Inglis has criticized Republican House leaders for acquiescing to a poisonous, tea party-driven "demagoguery" that he believes will undermine the GOP's long-term credibility. And he's freely recounting his frustrating interactions with tea party types, while noting that Republican leaders are pushing rhetoric tainted with racism, that conservative activists are dabbling in anti-Semitic conspiracy theory nonsense, and that Sarah Palin celebrates ignorance.

You might be thinking that Inglis is just another politician who lost and this is nothing but sour grapes. Perhaps, but his conservatism is genuine and his story has the ring of truth.

"I hated Bill Clinton. I wanted to destroy him. Then I had six years out (after leaving Congress in 1999) to look back on that, and now I would confess it as a sin. It is just wrong to want to destroy another human being and to spend so much time and effort trying to destroy Bill Clinton—some of it with really suspect information."

Even though Inglis had previously won six congressional elections since 1992, perhaps his story is pertinent only to South Carolina.

"We're being driven as herd by these hot microphones—which are like flame throwers—that are causing people to run with fear and panic, and Republican members of Congress are afraid of being run over by that stampeding crowd." 

Inglis says that it's hard for Republicans in Congress to "summon the courage" to say no to Beck, Limbaugh, and the tea party wing. "When we start just delivering rhetoric and more misinformation...we're failing the conservative movement," he says. "We're failing the country."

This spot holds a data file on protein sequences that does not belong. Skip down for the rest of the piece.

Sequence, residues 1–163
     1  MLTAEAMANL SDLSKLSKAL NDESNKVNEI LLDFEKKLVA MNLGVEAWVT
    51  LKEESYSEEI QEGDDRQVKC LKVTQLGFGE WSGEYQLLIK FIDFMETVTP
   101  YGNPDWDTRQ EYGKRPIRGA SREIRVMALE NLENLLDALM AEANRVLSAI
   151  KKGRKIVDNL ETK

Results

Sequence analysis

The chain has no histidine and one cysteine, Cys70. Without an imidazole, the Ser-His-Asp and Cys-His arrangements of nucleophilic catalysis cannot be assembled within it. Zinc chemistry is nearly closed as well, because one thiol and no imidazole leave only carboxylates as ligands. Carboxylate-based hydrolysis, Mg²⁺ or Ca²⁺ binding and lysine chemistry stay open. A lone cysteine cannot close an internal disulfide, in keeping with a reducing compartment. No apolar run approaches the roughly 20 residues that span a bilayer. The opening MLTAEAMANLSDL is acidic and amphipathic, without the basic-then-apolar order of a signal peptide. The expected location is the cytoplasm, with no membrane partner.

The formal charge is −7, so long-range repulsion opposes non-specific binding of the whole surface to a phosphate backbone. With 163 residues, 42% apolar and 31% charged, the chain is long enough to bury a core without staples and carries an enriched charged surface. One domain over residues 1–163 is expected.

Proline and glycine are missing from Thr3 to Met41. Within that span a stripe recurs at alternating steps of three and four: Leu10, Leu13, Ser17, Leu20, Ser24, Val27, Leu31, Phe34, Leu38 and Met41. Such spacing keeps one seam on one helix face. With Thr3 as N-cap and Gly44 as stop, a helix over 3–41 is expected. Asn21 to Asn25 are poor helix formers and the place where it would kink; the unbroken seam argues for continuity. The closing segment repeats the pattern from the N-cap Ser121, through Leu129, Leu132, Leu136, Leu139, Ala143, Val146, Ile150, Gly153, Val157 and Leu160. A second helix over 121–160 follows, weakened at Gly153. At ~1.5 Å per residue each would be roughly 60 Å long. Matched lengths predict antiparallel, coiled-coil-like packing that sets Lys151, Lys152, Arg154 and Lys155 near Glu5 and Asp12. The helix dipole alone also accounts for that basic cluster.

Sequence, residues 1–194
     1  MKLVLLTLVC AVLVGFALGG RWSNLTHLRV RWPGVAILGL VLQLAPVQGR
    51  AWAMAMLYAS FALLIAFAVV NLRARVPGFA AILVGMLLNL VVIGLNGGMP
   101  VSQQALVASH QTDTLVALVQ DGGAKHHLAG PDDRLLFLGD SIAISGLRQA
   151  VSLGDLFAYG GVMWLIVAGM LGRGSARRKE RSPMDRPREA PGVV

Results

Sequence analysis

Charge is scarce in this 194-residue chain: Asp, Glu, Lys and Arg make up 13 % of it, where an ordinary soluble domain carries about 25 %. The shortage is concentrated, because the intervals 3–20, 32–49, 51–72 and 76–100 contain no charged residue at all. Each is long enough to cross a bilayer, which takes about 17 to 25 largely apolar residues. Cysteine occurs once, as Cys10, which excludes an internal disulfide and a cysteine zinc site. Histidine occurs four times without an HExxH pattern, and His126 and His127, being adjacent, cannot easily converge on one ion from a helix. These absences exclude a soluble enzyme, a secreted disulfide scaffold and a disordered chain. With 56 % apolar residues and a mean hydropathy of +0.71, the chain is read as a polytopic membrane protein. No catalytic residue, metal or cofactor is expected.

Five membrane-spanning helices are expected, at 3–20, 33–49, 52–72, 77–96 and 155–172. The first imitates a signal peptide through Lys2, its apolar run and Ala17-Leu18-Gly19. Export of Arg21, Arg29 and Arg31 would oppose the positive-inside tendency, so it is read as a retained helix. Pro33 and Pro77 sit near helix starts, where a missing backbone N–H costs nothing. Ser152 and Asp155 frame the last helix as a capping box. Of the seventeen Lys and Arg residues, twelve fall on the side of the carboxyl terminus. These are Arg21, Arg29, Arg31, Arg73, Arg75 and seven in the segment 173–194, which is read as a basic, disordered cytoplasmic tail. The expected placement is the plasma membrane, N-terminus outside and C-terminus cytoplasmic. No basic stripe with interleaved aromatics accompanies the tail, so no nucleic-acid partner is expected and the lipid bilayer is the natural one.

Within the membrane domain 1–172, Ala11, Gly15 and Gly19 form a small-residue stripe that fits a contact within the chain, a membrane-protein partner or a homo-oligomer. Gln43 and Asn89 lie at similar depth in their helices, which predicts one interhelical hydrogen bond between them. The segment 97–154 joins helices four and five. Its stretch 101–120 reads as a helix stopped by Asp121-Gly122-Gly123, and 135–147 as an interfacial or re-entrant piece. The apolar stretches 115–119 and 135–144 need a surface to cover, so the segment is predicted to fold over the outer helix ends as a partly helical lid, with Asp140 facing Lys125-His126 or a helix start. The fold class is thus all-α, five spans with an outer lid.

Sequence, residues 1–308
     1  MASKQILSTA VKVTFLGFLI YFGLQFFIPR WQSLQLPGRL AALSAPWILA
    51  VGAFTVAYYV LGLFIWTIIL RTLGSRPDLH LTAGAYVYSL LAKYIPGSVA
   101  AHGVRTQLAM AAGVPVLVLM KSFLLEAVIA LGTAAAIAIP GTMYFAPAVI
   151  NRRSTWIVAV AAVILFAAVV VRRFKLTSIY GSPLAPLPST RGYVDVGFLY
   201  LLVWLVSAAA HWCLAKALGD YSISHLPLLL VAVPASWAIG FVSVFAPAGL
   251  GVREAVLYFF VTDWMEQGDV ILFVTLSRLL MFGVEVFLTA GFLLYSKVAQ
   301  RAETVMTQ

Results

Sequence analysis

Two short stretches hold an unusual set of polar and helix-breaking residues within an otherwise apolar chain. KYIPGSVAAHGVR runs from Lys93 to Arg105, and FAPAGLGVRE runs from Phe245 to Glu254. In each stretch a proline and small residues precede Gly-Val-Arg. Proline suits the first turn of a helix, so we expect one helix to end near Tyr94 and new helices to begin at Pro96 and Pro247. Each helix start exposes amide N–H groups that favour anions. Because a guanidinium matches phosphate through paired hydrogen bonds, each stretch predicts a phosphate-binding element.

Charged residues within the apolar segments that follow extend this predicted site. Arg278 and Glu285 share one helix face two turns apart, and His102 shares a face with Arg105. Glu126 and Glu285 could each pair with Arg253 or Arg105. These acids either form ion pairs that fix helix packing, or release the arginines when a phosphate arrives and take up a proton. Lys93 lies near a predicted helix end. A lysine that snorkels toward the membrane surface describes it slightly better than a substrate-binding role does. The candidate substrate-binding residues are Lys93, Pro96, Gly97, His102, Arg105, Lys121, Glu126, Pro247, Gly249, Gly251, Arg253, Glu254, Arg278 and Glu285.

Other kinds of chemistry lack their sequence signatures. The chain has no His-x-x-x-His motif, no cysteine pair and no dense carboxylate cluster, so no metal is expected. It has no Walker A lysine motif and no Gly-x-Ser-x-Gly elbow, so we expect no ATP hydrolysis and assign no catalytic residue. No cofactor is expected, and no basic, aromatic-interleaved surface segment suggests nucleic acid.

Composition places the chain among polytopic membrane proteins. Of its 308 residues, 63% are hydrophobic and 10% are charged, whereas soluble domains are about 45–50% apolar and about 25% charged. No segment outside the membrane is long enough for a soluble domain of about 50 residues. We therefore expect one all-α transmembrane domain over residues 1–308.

Yet, he notes, Boehner and House minority whip Eric Cantor have one primary strategic calculation: Play to the tea party crowd. "It's a dangerous strategy," he contends, "to build conservatism on information and policies that are not credible."

Republican weakness in the face of mass ignorance shows that political machines can't learn new tricks. The Democrat party followed an old playbook by nominating Al Gore in 2000. Bill Bradley would have been the inspired choice. Eight subsequent years cause anyone who remembers Bradley to wonder what could have happened if the Dems had a clue. The Democrat party subsequently doubled down with John Kerry, a politician even more lacking in personality, charisma and credibility than Al Gore. The Democrats co-own the 43rd President. It took an unknown outsider to turn the Democrat machine in a new direction.

Now the shoe is on the other foot. Instead of feeble Democrat attempts at the moral high-ground we have the Republican party drowning in its own quicksand. Decades of cynical appeal to so-called values created an environment ripe for takeover by media demagogues. Having traded away legitimate positions for swift-boat style politics, the Republicans are now in no position to appeal to reason over racism, ignorance and hate.

Can it get worse?

Inglis points out that some conservatives believe that any issue affecting the Earth is "the province of God and will not be affected by human activity. If you talk about the challenge of sustainability of the Earth's systems, it's an affront to that theological view."

A lot worse.


UPDATE: 8/26/10 - Timothy Egan weighs in at the New York Times with a pitch-perfect critique of American ignorance. Early in the 21st century, we're reliving the 19th. A growing number of people who think for a living are climbing on TheRaven's bandwagon, for a War on Stupid.

1 comment:

  1. How does TheRaven pull that wagon?

    Anyway, did you see the vid Goldblog posted of California Congressman Bob Filner under attack from both the TeaPer and his supporters?

    Freakin' awful.